Comments for the name Aodh

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Comments for AODH:

In Irish myth, Aodh is one of the four children of Lir who were turned into swans for 900 years.
-- noae  5/28/2005
I read somewhere that this was pronounced 'like May'. Finally I get it, because they never specified that there was no 'M'.
-- Anonymous User  2/5/2006
Aodh can also be Irish for Hugh, another nice name.
-- rosco kid  4/16/2006
This is the perfect middle name. It has the perfect meaning, perfect origin, and it isn't unspellable or extraordinarily unpronounceable. And as an added bonus, it's aesthetically pleasing. Perfection.
-- thecynicaloptimist  9/11/2006
I read that same 'like may' pronunciation, and I never got it either. I can't say I really like this name, I and a child would constantly have to tell people how to spell/pronounce it.
-- moozeman  11/2/2007
I think this is a short sharp funky name, despite how long it's been around. The downside is you might have to say how it's pronounced and spelled, which my sister has to suffer all the time.
-- cheeseface  5/14/2008
I've once read that another written form of this name is Y. But it's from the fifteenth century and I don't think that anybody would use this today.
-- Rioghnach  8/13/2008
WHAT THE HELL kind of a name is this? Can you imagine your mother calling you home for dinner? EEEEEE! Sounds like a shriek for help. God, some of these Irish names are so damn stupid!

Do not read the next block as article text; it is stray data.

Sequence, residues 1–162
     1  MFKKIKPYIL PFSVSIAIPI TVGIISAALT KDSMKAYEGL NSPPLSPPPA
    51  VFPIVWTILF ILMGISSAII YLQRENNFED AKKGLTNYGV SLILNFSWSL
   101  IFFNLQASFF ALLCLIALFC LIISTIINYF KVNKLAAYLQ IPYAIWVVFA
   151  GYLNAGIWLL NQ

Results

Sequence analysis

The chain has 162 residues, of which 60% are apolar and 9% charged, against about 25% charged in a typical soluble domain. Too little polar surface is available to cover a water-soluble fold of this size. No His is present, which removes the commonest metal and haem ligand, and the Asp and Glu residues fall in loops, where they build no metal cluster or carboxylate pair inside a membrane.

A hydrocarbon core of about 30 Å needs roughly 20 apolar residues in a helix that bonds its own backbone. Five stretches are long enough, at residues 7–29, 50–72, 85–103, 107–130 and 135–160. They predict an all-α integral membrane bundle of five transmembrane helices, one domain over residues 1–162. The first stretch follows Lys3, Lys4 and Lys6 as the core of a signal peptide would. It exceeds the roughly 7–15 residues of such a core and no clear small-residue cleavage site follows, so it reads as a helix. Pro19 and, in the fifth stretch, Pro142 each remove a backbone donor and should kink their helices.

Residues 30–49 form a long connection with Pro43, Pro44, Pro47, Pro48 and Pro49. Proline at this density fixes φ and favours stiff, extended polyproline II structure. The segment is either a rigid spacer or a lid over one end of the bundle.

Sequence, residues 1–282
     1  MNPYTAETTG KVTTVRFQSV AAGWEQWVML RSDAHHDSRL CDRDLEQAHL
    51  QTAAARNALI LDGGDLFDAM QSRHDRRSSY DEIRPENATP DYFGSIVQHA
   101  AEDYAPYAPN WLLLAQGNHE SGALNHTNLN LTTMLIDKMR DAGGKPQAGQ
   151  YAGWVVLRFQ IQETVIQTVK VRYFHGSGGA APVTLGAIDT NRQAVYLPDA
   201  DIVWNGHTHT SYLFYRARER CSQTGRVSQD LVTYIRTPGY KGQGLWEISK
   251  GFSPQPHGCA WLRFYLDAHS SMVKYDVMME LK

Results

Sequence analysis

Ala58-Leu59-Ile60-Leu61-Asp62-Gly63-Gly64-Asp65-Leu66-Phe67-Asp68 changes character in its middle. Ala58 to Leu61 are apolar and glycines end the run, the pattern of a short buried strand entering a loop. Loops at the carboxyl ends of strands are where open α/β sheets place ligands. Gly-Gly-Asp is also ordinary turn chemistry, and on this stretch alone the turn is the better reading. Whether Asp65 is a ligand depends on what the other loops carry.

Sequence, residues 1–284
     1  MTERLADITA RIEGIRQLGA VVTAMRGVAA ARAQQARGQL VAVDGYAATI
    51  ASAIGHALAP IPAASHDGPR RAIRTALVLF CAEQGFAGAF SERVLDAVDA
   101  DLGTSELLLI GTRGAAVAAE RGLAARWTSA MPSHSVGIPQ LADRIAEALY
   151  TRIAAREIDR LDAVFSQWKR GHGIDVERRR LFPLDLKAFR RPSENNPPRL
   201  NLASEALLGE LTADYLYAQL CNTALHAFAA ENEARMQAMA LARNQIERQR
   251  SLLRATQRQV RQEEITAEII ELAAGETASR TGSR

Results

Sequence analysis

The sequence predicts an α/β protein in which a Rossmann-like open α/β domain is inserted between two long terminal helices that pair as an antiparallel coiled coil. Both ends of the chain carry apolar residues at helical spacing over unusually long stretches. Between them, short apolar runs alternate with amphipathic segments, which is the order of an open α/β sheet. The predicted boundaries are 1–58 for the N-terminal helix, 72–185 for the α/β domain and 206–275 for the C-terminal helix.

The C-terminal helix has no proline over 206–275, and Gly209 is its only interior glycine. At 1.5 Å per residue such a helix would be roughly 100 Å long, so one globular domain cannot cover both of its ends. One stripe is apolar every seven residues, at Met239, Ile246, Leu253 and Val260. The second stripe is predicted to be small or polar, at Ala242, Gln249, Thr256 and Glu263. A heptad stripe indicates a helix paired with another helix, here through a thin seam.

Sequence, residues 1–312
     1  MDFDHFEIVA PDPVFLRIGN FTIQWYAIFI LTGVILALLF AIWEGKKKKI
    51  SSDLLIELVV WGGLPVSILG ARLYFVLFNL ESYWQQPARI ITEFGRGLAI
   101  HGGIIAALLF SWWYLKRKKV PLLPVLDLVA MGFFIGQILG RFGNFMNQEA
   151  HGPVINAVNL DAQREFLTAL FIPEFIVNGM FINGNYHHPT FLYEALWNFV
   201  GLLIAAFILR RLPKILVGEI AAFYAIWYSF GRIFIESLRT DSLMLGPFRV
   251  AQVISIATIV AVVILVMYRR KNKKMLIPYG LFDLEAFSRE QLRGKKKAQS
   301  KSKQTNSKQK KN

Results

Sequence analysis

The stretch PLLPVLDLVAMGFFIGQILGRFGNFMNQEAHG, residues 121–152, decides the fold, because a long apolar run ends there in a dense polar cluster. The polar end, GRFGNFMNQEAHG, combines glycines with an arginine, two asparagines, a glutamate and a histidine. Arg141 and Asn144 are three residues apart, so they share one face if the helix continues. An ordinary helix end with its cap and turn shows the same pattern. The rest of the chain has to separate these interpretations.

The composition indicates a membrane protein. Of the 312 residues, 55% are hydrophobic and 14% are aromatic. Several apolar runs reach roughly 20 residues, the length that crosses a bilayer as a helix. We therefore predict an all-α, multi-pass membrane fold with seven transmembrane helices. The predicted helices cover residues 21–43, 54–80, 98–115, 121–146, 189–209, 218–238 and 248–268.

-- Anonymous User  11/7/2008
Irish is a different language. It was not made with the intention of clashing or coordinating with the English language. Irish uses an entirely different set of sounds and letters, thus creating a clash between Irish and English. Just because a name sounds a certain way in English doesn't mean it sounds the same way in Irish. At any rate, I doubt the Irish spell an expression of fear/disgust "Aodh", or even have the same sound for it.

The name Aodh is a wonderful name; it is simple and beautiful and not too complex in pronunciation, even for Americans. It would actually work relatively well in America or an English-speaking culture.
-- avalah  1/3/2009
Don't like it. It sounds ugly and hard to pronounce, and it's unfortunately where we get the nauseatingly trendy Aidan from.
-- bananarama  9/30/2009
It isn't actually pronounced like ay. It's pronounced (forgive my usage of the IPA) like this /iuɣ/. Which is hard to anglicize.
-- Anonymous User  4/16/2012
Aodh is a name from Scottish history and mythology and it is anglicised to Hugh. It does mean, in the original Scottish Gaelic, fire. [noted -ed]
-- LiamMack4  2/6/2014

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